Take the 2-minute tour ×
Stack Overflow is a question and answer site for professional and enthusiast programmers. It's 100% free.

I have an app submitted to Apple Store, and it passed. But I found there was a bug will make the app crash. Finally, I found the real problem is a snap of code has the opposite result.

code:

CGPoint now;
CGPoint old;
UIView *lastDot;
now = dotView.center;
if(lastDot){
    //release version, will go here. then crashed.
    old = lastDot.center;
}else{
    //debug version, will go here. run ok.
}

I declare a UIView pointer, and check it with "if statement",

UIView *lastDot;

the debug version consider the lastDot as nil, but the release version think is not null.

can anyone give me any idea? thank you.

share|improve this question
4  
@CodaFi: Huh? if (lastDot) is equivalent to if (lastDot != nil) –  Kevin Ballard Jan 16 '13 at 2:23
3  
@CodaFi: It's not magic. Stop spreading FUD. §6.8.4.1.2 of the ANSI C spec, in regards to if statements: "In both forms, the first substatement is executed if the expression compares unequal to 0.". if (lastDot) performs lastDot != 0. if (lastDot != nil) performs (lastDot != nil) != 0. They're equivalent statements. –  Kevin Ballard Jan 16 '13 at 2:27
3  
@CodaFi: Also, using if (pointerVal) has a very long history of usage in C. Using an explicit comparison is matter of style, nothing more. –  Kevin Ballard Jan 16 '13 at 2:29
1  
When running in the debug version (simulator?) have you tried simulating a low memory scenario? That's more likely to occur on a real world device and the results may lead to the crash in production which you don't see in simulation. –  David Ravetti Jan 16 '13 at 2:29
4  
@CodaFi: You're misinterpreting his post. The problem he describes applies explicitly to casting a value to BOOL. It's just a subtle integer truncation issue. That has absolutely no bearing whatsoever on how if statements work. I already quoted you the relevant section of the ANSI C spec, and if you'll notice there's no truncation issues there. –  Kevin Ballard Jan 16 '13 at 2:35

2 Answers 2

up vote 1 down vote accepted

The issue is due to uninitialized pointer.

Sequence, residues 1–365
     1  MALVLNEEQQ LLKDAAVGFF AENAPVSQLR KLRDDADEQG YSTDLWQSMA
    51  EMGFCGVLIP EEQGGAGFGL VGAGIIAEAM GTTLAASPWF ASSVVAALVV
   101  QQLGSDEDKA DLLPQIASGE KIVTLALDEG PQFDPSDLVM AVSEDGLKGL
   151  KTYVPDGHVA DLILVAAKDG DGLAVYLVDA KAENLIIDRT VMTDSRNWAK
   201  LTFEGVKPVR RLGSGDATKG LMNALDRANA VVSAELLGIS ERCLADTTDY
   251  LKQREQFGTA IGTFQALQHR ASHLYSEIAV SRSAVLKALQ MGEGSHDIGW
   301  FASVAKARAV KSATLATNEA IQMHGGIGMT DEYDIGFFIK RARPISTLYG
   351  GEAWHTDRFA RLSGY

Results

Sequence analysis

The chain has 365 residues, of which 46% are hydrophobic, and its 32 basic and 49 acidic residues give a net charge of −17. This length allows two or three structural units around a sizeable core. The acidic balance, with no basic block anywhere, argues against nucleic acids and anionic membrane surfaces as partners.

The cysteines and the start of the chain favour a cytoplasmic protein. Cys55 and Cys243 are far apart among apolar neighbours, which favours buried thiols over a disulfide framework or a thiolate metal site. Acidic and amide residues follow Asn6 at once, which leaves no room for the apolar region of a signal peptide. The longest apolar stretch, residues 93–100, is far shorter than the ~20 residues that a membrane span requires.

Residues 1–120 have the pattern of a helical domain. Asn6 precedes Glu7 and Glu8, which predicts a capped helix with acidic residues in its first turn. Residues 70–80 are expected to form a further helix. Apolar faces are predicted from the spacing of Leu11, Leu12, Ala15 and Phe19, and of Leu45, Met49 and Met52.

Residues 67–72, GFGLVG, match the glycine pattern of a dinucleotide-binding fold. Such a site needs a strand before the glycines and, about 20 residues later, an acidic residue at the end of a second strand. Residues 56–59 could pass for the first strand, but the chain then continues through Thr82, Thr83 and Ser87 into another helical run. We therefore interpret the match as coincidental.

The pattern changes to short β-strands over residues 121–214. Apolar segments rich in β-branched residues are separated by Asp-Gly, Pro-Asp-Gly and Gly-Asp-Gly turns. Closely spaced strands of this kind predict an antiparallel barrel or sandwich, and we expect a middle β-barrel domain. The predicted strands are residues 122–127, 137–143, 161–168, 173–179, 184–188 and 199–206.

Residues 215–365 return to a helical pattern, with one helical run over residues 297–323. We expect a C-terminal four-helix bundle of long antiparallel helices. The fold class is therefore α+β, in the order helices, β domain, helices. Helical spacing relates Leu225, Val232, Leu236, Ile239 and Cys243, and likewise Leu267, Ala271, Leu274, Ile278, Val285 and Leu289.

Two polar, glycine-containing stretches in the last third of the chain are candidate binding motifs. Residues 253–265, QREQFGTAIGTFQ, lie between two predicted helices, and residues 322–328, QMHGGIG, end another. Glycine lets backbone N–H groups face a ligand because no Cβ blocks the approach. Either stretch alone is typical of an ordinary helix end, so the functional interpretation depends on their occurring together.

Initialize it to nil for avoiding such troubles.

UIView *lastDot = nil;

I know you already got the answer.

I just want to add some points too:

Pointers are just like any other variable: if you don't explicitly set them to a value, the value will be undefined means a random value. If you then accidentally access the variable, very bad things can happen.

Sometimes people recommend that pointers be assigned to NULL, the universal value meaning "this pointer doesn't point at anything", because a lot of code already checks for NULL pointers. For example, if you call [nil release], it's guaranteed to do nothing. If you passed an uninitialized pointer in who knows what would happen.

It's really just a safeguard against programmer error. If you initialize pointers to a reasonable value, it's less likely that an uninitialized pointer will cause a system crash sometime in the future.

When you don't initialize a pointer and then try to use it, you have 3 problems:

  • It might be pointing at memory you don't have access to, in which case it causes a segmentation fault and crashes your program
  • It might be pointing at real data, and if you don't know what it's pointing to, you're causing unpredictable (and very hard to debug) changes to your data.
  • You have no way of knowing if it's been initialized or not - because how do you tell the difference between a valid address and the address that happened to be there when you declared the pointer?

Initializing every pointer to nil seriously decreases or eliminates those problems:

  • If I try and use it, it will still segfault, but at least I can test if it's NULL and act accordingly - I can know that it WILL segfault, and do something else. If it's a random value, I don't know anything until it crashes.
  • If you initialize it to nil, I can't make it point to data unless I explicitly tell it to. So I only modify what I meant to.
  • As implied above, I can tell when I've initialized it and when I haven't, and make a decision.

Obviously it's a matter of style, and it is possible to write an application where variables are only initialized to their intended value, but I feel it is safer and easier to initialize them to nil always. Even the best programmers make typos - nil makes it easier to know when that's happened.

Reference :

  1. eskimo
  2. Initializing pointers always necessary
share|improve this answer
    
Thank you very much. I don't have systematic knowledge on those aspect, that I need to enhance... –  meadlai Jan 17 '13 at 1:06
    
@meadlai: With pleasure :) Thanks for your comment. Good Luck –  Midhun MP Jan 17 '13 at 3:55

Depending on your compiler settings, debug builds usually initialize pointers to some sentinel values like 0xcccccccc.

UIView *lastDot = nil;

Should work as expected.

share|improve this answer
1  
Good point. I assumed the real code wasn't literally declaring a local variable lastDot and then using it, but you're right, use-before-initialization is actually a reasonable cause. That is, as long as he's not using ARC (which initializes all automatic obj-c variables to nil for you). –  Kevin Ballard Jan 16 '13 at 2:29
    
Thank you, I did not use ARC in the project, and we only provide the debug build version to the test team. It works fine now. –  meadlai Jan 16 '13 at 3:38

Your Answer

 
discard

By posting your answer, you agree to the privacy policy and terms of service.

Not the answer you're looking for? Browse other questions tagged or ask your own question.